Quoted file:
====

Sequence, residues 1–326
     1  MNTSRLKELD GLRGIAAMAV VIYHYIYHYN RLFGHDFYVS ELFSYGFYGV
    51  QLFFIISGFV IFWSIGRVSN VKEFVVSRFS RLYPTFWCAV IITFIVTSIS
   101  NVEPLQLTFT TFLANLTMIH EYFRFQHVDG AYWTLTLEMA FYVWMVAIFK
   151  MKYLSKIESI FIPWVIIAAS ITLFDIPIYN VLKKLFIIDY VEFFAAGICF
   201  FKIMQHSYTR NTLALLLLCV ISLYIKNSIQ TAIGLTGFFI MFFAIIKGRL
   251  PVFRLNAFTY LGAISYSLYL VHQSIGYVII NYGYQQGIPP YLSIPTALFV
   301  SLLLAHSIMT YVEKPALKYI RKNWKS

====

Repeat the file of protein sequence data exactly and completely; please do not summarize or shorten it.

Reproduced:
Sequence, residues 1–326
     1  MNTSRLKELD GLRGIAAMAV VIYHYIYHYN RLFGHDFYVS ELFSYGFYGV
    51  QLFFIISGFV IFWSIGRVSN VKEFVVSRFS RLYPTFWCAV IITFIVTSIS
   101  NVEPLQLTFT TFLANLTMIH EYFRFQHVDG AYWTLTLEMA FYVWMVAIFK
   151  MKYLSKIESI FIPWVIIAAS ITLFDIPIYN VLKKLFIIDY VEFFAAGICF
   201  FKIMQHSYTR NTLALLLLCV ISLYIKNSIQ TAIGLTGFFI MFFAIIKGRL
   251  PVFRLNAFTY LGAISYSLYL VHQSIGYVII NYGYQQGIPP YLSIPTALFV
   301  SLLLAHSIMT YVEKPALKYI RKNWKS